Last month, Telenav’s team announced the release of the Missing Roads plugin and the web tool designed to show the roads that are not present in OSM, based on our collected global GPS data from the millions of Scout & Scout SDK users. As this tool gathered very quickly the attention of a few mappers, we already have > 20% of all the Missing Road tiles resolved.
Now again, we are exposing a new tool to the OSM community: a tool targeted towards fixing the missing or wrong one-way restrictions..
The web tool can be found at http://improve-osm.org/trafficFlowDirection and the JOSM plugin in the JOSM plugin repository (accessible via the JOSM preferences menu). The source code for the plugin is available on Github and we’ve also started building the plugin’s wiki page (at the time of writing this post there is still some work to do on the wiki page, but soon we’ll have everything in place).
In the next part of the post, we’re sharing the original post of our colleague, Martijn van Exel’s from his OpenStreetMap diary. Enjoy his story and enjoy the tool:
“For the darker and colder November days — well, if you are on the Northern hemisphere at least — we thought we would cook up something new to keep us all busy.
We ran another analysis on our GPS data to uncover ways that probably do not have the right directionality. Either they should be
oneway=yes and they are not, or they are
oneway=yes but in the wrong direction.
Here is an example from Karlsruhe, Germany:
The orange arrow points in the direction we think traffic on that street flows based on what we know from our Scout GPS data.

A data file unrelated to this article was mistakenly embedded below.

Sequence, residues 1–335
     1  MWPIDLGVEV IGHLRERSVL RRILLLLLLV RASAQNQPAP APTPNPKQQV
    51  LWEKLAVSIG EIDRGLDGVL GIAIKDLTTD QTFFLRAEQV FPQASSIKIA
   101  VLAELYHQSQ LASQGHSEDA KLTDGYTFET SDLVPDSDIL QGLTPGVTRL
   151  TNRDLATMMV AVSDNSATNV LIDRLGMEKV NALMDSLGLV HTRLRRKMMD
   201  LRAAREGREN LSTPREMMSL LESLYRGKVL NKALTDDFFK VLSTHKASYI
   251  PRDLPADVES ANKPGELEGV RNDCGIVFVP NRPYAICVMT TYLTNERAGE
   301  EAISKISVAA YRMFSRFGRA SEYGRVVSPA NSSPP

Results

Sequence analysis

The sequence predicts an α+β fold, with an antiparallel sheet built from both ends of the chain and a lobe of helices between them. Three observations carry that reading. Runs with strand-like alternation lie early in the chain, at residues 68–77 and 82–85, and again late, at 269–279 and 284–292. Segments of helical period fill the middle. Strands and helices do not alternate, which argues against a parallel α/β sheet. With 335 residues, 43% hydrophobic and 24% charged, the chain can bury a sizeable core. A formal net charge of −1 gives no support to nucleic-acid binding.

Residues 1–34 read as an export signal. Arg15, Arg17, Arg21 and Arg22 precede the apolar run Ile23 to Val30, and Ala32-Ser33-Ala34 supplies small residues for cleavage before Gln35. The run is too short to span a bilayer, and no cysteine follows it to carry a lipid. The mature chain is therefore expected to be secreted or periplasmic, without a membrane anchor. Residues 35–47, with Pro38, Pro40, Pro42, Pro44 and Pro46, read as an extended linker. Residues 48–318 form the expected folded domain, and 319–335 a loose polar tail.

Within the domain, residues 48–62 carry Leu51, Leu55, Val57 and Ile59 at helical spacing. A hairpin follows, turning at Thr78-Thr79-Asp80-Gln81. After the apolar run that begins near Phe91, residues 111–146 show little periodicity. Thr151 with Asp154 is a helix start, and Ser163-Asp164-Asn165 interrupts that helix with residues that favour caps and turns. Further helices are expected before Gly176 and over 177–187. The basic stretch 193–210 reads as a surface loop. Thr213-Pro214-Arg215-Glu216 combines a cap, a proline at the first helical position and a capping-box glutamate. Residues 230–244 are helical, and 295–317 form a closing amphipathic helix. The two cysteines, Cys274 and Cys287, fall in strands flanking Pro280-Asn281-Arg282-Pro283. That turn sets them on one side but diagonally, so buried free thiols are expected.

The way we do this is by looking at the directionality of the GPS tracks. If more than, say, 90% of all tracks matched to an OSM way go in a single direction, it is pretty safe to assume that it is a one-way street. We then compare that to how the way is mapped in OSM. If there is no correct
oneway tag on the way, you will see the way in this tool.
Let’s open the earlier example up in JOSM:
This looks a bit cluttered because there is so much OSM data, but if we zoom in a bit and make the OSM data layer invisible for a moment, we can see from the direction the cars are parked and the arrows on the road that this is indeed a one-way street:
*Aerial imagery in JOSM from Bing
We found more than 140.000 (!) of these cases all over the world waiting for us to fix them. This works almost exactly the same as in our Missing Roads plugin and web tool we released last month. You can look at the Missing Roads manual (I will write a proper manual for the One-way plugin and tool soon).”
@mvexel & Telenav’s team: keep up the good work and happy mapping!